We’ve all heard of Air Jordans and Air Force Ones, but is (Native) America ready for the Air Native N7?
This new shoe, revealed by Nike last Tuesday, is the first shoe ever designed by Nike to target a specific race in an attempt to address the obesity epidemic facing Native American communities. As a Native person myself (Tohono O’odham) I was confused, and indeed even slightly amused at the lengths Nike went to try and make a shoe it deemed suitable for its Native American consumers. One task involved measuring the feet of Native people from various tribes, concluding that “American Indians have a much wider and taller foot than the average shoe accommodates.”
Really? Well that comes as a shock to me, since I never really considered my size 10 regular feet to be abnormally large in any way.
Oh well. Nike’s “research,” which entailed measuring the feet of 200 Native Americans out of a population of approximately four million, proved otherwise. I didn’t realize that one could apply the measurements of 400 feet to four million people.
In any case, to accommodate our apparently large and wide feet, Nike even made their shoes “wider with a larger toe box” and “fewer seams for irritation.” If that weren’t enough, the shoe has “heritage callouts,” including feathers, stars and sunrise patterns. Aww Nike, you shouldn’t have.
Really. In all seriousness, you shouldn’t have. The more I read about the shoe, the more apparent it was that this was just as much of a strategic business move as it was a charitable endeavor. Nike plans to sell the products cheaply and raise $200,000 for various tribal programs — but to a multi-billion dollar corporation, this seems more like money meant to bolster an image as a socially conscious business than to actually make a real difference.
There’s more. Will these shoes truly help in reducing the serious obesity epidemic in Indian country, or will it result in a more prolific Nike name brand that allows the company to capitalize on a new market (Indian reservations) and draw more media attention? The intention is fine, but if you want to help us, Nike, you should treat us as fellow business partners rather than another marketing demographic.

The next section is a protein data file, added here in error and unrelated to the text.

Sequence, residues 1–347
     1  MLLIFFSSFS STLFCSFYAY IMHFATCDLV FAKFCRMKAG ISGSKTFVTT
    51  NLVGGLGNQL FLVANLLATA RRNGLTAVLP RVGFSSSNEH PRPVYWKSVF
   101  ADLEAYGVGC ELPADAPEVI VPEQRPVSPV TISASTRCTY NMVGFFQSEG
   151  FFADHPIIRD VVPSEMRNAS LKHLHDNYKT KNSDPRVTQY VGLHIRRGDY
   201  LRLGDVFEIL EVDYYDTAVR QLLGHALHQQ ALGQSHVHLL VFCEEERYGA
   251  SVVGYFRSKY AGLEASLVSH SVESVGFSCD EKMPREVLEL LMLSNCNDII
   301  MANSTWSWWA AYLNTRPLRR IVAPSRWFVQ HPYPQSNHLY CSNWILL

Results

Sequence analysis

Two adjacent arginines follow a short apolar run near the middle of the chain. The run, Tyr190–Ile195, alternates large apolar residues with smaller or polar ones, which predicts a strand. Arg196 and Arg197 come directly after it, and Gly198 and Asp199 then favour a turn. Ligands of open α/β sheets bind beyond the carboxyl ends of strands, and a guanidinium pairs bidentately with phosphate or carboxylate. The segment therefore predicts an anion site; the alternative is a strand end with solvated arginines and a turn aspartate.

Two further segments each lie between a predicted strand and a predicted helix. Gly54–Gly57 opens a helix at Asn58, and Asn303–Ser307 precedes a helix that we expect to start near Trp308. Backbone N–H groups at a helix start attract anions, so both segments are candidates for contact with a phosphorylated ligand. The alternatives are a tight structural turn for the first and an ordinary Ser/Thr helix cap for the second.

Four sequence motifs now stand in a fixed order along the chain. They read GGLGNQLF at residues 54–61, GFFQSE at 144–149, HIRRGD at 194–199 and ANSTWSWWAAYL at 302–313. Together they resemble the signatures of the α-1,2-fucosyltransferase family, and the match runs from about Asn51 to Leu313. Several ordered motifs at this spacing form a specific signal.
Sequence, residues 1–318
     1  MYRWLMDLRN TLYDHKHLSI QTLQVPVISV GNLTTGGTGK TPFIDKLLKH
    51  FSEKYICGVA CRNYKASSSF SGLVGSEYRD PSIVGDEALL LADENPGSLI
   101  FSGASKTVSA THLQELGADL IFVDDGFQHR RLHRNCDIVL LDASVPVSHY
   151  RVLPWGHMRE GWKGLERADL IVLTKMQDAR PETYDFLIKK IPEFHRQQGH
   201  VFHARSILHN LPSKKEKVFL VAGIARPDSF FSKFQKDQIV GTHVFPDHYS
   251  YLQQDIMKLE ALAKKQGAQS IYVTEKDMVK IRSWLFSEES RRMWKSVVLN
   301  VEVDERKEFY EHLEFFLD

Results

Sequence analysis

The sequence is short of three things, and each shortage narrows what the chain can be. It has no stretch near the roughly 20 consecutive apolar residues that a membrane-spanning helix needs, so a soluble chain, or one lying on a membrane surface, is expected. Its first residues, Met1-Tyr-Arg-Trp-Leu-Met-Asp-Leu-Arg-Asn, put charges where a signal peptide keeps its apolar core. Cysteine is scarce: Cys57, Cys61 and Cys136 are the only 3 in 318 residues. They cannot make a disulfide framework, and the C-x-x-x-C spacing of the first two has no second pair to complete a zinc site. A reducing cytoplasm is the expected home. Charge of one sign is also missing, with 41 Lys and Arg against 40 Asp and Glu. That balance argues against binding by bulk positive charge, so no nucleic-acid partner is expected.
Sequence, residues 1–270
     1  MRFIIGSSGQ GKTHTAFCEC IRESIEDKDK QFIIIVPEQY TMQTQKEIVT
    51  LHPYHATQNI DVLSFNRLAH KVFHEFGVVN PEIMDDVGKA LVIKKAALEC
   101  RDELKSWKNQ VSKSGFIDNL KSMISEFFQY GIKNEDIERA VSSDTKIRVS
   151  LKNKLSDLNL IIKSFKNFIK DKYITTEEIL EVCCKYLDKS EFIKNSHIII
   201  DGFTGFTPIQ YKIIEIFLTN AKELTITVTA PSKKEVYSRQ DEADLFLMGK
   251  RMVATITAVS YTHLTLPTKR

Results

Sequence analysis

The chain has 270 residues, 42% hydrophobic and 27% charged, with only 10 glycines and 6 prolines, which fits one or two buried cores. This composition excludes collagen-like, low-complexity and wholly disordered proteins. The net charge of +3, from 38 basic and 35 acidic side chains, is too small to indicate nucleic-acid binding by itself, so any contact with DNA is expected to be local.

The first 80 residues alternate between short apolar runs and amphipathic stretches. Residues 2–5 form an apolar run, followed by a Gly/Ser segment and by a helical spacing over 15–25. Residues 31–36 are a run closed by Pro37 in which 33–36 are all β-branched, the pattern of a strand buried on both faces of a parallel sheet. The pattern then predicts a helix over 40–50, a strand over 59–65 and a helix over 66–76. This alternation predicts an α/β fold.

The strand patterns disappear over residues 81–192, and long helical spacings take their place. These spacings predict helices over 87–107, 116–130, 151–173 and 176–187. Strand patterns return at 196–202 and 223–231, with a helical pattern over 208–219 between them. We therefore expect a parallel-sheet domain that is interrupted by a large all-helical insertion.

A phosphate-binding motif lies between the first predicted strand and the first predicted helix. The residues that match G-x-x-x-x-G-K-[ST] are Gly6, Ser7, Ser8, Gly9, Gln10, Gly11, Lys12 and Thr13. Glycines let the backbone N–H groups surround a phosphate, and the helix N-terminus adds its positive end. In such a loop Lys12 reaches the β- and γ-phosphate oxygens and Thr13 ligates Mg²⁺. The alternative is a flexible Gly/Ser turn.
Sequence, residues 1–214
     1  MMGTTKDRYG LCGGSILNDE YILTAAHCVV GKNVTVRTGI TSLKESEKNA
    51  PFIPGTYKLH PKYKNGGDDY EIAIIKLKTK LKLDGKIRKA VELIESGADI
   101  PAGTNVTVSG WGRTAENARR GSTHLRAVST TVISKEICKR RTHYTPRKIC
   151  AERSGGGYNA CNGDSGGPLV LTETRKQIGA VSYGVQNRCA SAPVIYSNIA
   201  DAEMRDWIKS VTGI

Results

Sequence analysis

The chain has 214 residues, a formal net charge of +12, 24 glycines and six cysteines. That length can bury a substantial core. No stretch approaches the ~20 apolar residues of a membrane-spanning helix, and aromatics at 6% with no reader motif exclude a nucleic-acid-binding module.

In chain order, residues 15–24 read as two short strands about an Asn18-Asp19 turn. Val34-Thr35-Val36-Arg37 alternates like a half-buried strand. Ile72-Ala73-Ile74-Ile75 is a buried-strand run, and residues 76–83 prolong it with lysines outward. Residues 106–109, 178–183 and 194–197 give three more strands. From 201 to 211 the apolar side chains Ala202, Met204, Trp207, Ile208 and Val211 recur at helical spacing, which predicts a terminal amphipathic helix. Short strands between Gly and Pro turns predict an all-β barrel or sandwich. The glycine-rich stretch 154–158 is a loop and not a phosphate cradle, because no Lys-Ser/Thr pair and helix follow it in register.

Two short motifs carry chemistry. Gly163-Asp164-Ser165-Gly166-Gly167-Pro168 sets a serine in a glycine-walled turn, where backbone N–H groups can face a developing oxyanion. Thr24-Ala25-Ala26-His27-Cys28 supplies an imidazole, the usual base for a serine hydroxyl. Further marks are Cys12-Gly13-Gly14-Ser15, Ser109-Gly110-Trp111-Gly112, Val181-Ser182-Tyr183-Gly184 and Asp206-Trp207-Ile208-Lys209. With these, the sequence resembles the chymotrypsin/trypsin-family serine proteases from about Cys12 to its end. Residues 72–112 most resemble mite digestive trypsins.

Use all that creative energy and marketing power to help us build up our own tribal businesses and social initiatives — created for us and by us to address the needs in our communities. It would be a completely different story if a Native-owned shoe company was marketing shoes with “heritage callouts” that were specific and meaningful to that respective tribe, and they were using those profits to build up their business and give back to their communities.
I, for one, am fine with my simple, generic brand, non-race-specific sneakers, thanks. I don’t need shoes with stars, suns, or feathers — symbols, I should add, that are not exactly the benchmark of Tohono O’odham heritage and culture, but rather stereotypical “Indian” images made popular by Disney movies and Hollywood to encourage me to exercise more or affirm my Native identity.
As someone who is interested in public health and plans to work with Native communities after graduation, it seems to me that the strength, innovation and leadership of Native people creating their own social programs often goes unnoticed and unappreciated in the mass media. This is too bad because organizations like Tohono O’odham Community Action (from the Tohono O’odham Nation) and the Cheyenne River Youth Project (from the Cheyenne River Sioux Tribe) are programs meant, among other things, to address health concerns in their communities and approach them in culturally appropriate, non-commercialized ways.
In noticing and attempting to address a major health issue in Native American communities, Nike took a step forward. But in using stereotypes and broad generalizations to market a product more for the benefit of the corporation than to the actual people it claims to be trying to serve, Nike took giant two steps back.
Maya Bernadett is a senior in Timothy Dwight College and a member of the Tohono O’odham Nation, a Native American tribe located in Arizona.